Monday, July 03, 2017

How Deaf Schizophrenics Hear Voices

I heard about this last week when driving from an FM radio DJ on a music station I listen to.

"Exploring how deaf people ‘hear’ voice-hallucinations," University College London, July 2007.

I thought it was a new scientific finding, but it turns out it's almost a decade old. In any case, I found it fascinating and it's stuck in my brain since.

As you know, people with schizophrenia often hear voices and see hallucinations. I was involved with a women for several years who was a home health care manager, and she would tell me about the mentally ill in the homes she supervised who saw eyes in walls or heard voices, and she convinced me it was something very difficult and sad to have to live with.

I'm sad to say that I have never actually known anyone with schizophrenia.

What this FM DJ talked about -- in the laughing, jovial, kind-of-thoughtless ways that DJ's speak in -- was how people with schizophrenia who are born deaf "hear voices." (I don't like calling them "schizophrenics," since schizophrenia does not encompass who they are -- they are not the disease, but people with the disease.)

They see, in their minds, disembodied hands in their internal mind vision that are signing words.

How amazing is that?

Deaf people -- rather, people who have deafness -- who were not born deaf, and who have schizophrenia, experience true auditory hallucinations. But people born with deafness apparently experience auditory hallucinations via sign language by disembodied hands or moving lips.
Participants born profoundly deaf reported non-auditory, clear and easy to understand voices. They were all confident that they did not hear any sounds, but knew the gender and identity of the voice. They reported seeing an image of the voice signing or lips moving in their mind.
I wonder what people born blind with schizophrenia experience.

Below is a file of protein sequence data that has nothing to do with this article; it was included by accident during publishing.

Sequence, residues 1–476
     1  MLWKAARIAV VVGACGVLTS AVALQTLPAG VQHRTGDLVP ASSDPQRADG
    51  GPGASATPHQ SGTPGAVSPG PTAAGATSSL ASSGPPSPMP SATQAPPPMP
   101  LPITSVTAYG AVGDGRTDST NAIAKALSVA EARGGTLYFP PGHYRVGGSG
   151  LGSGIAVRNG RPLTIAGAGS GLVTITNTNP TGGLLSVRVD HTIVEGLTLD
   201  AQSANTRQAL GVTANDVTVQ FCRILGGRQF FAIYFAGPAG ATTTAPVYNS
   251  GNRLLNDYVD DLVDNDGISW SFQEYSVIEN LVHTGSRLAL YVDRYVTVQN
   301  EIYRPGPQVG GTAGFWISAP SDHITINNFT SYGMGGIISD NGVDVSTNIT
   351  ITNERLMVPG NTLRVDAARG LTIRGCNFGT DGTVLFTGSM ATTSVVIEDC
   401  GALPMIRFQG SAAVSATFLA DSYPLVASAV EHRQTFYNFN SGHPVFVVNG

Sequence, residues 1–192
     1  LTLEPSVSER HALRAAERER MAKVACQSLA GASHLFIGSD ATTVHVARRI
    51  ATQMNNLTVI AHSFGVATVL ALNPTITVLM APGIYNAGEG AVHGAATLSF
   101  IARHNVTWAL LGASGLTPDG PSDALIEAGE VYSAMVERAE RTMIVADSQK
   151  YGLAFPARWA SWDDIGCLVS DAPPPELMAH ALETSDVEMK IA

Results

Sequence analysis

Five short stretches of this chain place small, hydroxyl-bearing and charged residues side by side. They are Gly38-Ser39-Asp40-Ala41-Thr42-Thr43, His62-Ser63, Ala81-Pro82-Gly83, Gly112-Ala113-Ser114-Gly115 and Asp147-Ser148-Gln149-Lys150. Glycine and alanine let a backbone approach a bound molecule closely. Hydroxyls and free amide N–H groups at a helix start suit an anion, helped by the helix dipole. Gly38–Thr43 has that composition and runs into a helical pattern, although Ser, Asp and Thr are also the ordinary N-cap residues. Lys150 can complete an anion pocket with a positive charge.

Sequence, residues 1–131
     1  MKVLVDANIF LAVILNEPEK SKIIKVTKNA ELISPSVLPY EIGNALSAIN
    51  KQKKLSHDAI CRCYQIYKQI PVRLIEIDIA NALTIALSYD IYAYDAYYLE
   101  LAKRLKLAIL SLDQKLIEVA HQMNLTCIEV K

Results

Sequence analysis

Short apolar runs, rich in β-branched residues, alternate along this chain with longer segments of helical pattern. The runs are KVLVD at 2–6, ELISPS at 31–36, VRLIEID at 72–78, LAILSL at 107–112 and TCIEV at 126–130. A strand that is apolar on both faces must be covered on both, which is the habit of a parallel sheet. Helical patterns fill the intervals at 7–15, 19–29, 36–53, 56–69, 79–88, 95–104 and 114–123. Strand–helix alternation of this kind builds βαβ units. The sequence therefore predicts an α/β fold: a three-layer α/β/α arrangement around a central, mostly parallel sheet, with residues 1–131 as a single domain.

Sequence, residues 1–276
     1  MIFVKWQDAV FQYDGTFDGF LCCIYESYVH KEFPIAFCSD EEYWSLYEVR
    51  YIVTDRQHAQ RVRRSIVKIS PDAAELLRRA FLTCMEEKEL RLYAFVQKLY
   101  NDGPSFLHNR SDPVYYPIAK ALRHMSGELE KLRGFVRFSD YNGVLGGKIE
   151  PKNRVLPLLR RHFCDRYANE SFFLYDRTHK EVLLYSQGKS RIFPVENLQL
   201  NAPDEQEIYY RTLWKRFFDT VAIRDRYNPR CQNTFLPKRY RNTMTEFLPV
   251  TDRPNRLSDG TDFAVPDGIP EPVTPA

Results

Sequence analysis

This really fascinates me. Over the last few years I have been trying, for reasons I'm not going to get into here, to understand my mind better, why I am the way I am, and how experiences long ago have shaped me. I've always been smart, in a rational and logical way, but have been trying to look beyond that, because that certainly doesn't explain all of me. I've never had an especially high emotional quotient -- E.Q. -- I think, which to me seems as important in life as an I.Q. Maybe more important. And I've come to believe that one's mind -- the psychological state that somehow results from all our organic brain matter and cells and neurons -- is a seriously complicated place. It's obviously elevated our species to a high status, relative to others here (at least in some ways that seem important as we define them), but it's by no means perfect. Getting our minds to here has also included a lot of mental junk, properties of our minds that aren't necessarily advantageous -- schizophrenia, depression, neuroses, anxieties, sometimes OCD (which I actually have about corners -- I often feel that I need to touch them, on furniture especially, and I've had this impulse for a long time, thought it's by no means disabling). We get the good -- fantastically superior (relatively), useful minds, with understanding, foresight, creativity -- with the bad -- mental defects, mental illnesses, glitches, "negative" aspects.

Our minds are amazing things, maybe the most amazing thing in the universe (however egocentric that sounds), but they have by no means evolved to be perfect. Evolution gets the job done -- or we wouldn't be here and who we are -- but not perfectly, not cleanly, not with complications.

This deafness/schizophrenia study struck me in this regard. Their minds get the job done, maybe (?) in a less-than-average way, in terms of staying alive, etc., but the beast refuses to be simple, is full of disadvantageous thoughts (I guess -- they seem so) that in some ways are necessarily indigenous to our organic brain matter, that must accompany the good. Does that make any sense?

All I'm trying to say -- I guess? -- is that brains are terribly complicated things, putting us atop the heap of all other brains -- but also slippery and maybe even evil little bastards that we must schlep around if we want the good parts. I don't know.

That the mind can be so clever/sneaky as to convince people with deafness and schizophrenia that hands are signing in their mental vision, the disease trying to express itself no matter what the obstacles, kinda spooks me. What else is in there?

2 comments:

Richard Lawson said...

Dave, you ask "I wonder what people born blind with schizophrenia experience." People with schizophrenia are not particularly prone to visual hallucinations. I am ready to be shown to be wrong, but this was what psychiatrists argued against Hoffer and Osmond, who were impressed with the similarities between the LSD trip and schizophrenia. Which was a pity, because it closed down an important avenue to understanding psychosis.

David Appell said...

Thanks, Richard.